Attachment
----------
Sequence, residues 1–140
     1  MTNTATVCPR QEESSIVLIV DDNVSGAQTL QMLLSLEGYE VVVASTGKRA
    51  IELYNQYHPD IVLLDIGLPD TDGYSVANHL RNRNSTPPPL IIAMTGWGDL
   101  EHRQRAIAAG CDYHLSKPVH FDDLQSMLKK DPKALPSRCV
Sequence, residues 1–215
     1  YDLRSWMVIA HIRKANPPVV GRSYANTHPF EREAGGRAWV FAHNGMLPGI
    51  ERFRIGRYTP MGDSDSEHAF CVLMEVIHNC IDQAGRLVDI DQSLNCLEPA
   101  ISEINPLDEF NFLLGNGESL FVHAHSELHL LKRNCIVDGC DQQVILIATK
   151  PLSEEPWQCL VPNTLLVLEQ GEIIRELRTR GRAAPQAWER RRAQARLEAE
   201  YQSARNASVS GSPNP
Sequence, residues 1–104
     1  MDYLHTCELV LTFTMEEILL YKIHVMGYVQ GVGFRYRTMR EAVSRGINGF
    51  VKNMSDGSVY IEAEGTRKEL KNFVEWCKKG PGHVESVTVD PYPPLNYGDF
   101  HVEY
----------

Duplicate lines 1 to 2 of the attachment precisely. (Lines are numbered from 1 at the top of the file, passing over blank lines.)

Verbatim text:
Sequence, residues 1–140
     1  MTNTATVCPR QEESSIVLIV DDNVSGAQTL QMLLSLEGYE VVVASTGKRA